Mumbai’s skyline was covered in a blanket of smog on Monday morning as the overall Air Quality Index (AQI) of the city fell to ‘very poor’ category on account of change in weather conditions and slow wind speed.
The city’s AQI in the System of Air Quality and Weather Forecast and Research (SAFAR) dashboard on Monday morning was 301, which is ‘very poor’. Later in the evening, however, the AQI improved to 297, which was three short of ‘very poor’.
Several pockets of the city continued to record poor air quality. Mazagaon recorded an AQI of 349, followed by 314 in Colaba and 313 in Malad. BKC recorded 321, while Chembur’s was 311. Bhandup recorded 256, followed by 239 in Andheri and 201 in Borivali. Worli had an AQI of 162.
Weather and climate experts said the present air quality in Mumbai is the result of pollutants that have accumulated in its lower atmosphere for the past few days.
“Mumbai is experiencing south-easterly winds for the past few days, which is not strong enough to blow away the pollutants in the air. Pollutants are getting accumulated in the air and remaining suspended in the lower atmosphere for longer periods leading to poor AQI,” said Mahesh Palawat, meteorologist and climate expert from Skymet Weather.
“In the morning, these particulate matters and water vapour suspended in the air are combining to form smog, which is affecting visibility. The low wind speed is the primary factor behind poor AQI. Being an island city, Mumbai’s AQI is determined by wind blowing from the sea,” Palawat added.
He said that by the end of this week, the AQI is likely to improve. Meanwhile, the night temperature also showed a significant rise on Monday. The Santacruz observatory of India Meteorological Department (IMD) recorded 23 degrees Celsius, which is 3 degrees above normal.
“By the end of this week, north-easterly winds are likely to blow over Mumbai and this will lead to a fall in temperature and will also improve the air quality. With increase in wind speed, the pollutants will disperse,” Palawat said.
Doctors and health experts advised people from vulnerable groups to use mask while stepping out. They also advised installing air purifiers as a safety measure in pockets with poor AQI.
“High AQI mainly impact children and senior citizens who are co-morbid and may affect their lungs directly. Therefore, it is advisable to use mask while stepping out and avoid going out at peak traffic hours. Post Diwali, the AQI in Mumbai has shown a significant drop, which has also led to an increase in patients coming for treatment for lung diseases,” said pulmonologist Dr Ashutosh Shah.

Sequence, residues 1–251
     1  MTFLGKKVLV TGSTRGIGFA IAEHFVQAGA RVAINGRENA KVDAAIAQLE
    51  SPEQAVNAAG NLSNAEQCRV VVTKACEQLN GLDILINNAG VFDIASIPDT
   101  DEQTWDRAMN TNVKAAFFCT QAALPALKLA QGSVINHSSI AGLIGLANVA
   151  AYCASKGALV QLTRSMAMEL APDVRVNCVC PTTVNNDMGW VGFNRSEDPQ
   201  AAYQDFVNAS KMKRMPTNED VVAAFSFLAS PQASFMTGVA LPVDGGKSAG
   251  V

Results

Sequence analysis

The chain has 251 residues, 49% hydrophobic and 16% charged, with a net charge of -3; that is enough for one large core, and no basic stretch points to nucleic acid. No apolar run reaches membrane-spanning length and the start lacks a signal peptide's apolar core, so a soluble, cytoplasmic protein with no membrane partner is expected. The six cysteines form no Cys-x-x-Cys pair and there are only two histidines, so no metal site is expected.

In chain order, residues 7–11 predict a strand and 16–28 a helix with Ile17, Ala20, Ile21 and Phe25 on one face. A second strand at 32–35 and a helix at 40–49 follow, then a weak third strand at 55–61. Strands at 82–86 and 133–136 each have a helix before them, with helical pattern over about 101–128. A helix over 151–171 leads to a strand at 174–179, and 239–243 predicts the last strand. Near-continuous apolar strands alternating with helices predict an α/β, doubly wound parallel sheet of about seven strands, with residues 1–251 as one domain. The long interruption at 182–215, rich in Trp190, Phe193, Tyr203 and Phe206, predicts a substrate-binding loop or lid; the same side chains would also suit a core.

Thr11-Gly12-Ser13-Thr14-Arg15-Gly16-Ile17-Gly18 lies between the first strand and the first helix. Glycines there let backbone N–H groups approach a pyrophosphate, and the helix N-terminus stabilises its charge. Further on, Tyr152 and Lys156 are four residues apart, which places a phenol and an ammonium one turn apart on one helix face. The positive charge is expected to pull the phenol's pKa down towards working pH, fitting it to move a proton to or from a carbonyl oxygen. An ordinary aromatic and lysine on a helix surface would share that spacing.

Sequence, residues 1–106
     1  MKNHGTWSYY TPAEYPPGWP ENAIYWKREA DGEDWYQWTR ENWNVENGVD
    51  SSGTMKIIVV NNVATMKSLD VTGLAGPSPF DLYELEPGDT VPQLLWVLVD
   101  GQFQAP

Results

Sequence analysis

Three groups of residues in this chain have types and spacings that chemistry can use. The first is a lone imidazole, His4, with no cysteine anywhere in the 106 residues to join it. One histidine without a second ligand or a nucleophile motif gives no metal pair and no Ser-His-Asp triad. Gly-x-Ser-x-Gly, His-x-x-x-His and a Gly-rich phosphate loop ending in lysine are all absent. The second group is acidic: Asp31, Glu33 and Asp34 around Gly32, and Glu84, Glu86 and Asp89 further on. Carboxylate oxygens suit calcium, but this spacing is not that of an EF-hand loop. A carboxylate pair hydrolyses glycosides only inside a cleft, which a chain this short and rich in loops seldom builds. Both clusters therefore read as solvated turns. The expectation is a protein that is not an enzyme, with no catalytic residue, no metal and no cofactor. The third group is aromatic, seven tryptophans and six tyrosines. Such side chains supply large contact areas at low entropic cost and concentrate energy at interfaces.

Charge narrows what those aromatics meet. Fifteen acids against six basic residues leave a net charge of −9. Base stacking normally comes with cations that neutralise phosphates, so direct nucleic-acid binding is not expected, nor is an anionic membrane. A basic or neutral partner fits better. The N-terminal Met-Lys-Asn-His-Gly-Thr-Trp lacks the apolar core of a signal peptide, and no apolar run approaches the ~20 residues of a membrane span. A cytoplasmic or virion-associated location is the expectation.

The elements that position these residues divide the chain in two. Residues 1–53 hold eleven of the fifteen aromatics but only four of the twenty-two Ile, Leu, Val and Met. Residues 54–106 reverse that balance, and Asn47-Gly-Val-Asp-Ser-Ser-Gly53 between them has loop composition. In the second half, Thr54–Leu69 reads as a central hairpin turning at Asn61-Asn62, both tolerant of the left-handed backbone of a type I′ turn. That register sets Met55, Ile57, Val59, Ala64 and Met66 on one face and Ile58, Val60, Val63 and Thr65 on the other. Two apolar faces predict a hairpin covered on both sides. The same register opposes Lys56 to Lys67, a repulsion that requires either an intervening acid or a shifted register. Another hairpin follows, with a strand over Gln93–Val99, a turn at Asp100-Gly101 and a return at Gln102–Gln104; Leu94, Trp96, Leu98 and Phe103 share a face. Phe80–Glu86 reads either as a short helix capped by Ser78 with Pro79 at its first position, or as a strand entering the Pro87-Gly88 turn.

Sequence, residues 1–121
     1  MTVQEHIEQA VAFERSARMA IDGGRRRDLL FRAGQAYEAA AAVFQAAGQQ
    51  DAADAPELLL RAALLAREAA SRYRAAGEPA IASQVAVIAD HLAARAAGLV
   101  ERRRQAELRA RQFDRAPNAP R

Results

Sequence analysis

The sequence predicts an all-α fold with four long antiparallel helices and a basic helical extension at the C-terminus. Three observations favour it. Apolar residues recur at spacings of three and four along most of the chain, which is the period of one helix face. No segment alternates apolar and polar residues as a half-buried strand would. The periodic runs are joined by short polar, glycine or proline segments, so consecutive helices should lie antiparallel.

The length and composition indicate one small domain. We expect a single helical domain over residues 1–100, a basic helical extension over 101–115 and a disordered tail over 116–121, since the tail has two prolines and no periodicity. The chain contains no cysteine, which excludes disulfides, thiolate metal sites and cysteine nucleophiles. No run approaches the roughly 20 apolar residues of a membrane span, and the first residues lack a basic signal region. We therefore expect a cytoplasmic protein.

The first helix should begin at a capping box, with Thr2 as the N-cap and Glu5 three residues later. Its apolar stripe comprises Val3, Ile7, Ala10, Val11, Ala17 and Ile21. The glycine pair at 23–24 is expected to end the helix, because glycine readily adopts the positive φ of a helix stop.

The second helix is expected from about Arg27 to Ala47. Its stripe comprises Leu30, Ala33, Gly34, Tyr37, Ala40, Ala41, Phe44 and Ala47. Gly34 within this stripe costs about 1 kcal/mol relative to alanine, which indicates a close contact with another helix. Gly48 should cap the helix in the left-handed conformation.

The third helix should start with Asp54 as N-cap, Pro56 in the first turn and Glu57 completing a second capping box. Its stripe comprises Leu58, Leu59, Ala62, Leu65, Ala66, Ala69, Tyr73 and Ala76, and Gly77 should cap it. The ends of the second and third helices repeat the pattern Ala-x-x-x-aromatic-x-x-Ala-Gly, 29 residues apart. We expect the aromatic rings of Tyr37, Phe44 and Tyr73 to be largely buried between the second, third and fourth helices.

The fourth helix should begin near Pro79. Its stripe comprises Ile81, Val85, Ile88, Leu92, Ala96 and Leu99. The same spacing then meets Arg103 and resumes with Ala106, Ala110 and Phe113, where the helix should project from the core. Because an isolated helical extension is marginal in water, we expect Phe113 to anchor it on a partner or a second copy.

Meanwhile, former state Environment Minister and Shiv Sena leader Aaditya Thackeray took a jibe at the government in a series of tweets stating that there is lack of seriousness as no directive has been issued from the state government or the civic body for AQI management.
“Air Quality in Mumbai currently is really bad. Visibility is low. Smog is evident. However, the absence of a full time environment minister, lack of seriousness in climate action has made this issue irrelevant to unconstitutional govt. Hope they issue some directives on it. While we see other states proactive measures on air quality, that directly affect health and life, the unconstitutional govt is still keen on hacking trees, disrupting forests and dirty politics. I hope there will be a statement and some measures taken on this issue,” he tweeted.
While Mumbai still has to announce measures for the poor air quality, earlier on December 4 the Delhi government announced a temporary stay on ongoing construction activities owing to poor AQI in the capital.
“The BMC is working closely with IMD and SAFAR in terms of managing the AQI. So far, we have not been notified any warning about severity relating to poor AQI. Our guidelines will be issued only when we receive a notification from the weather department or else if we say anything now, it will only create panic amongst citizens,” said a civic official from the environment department.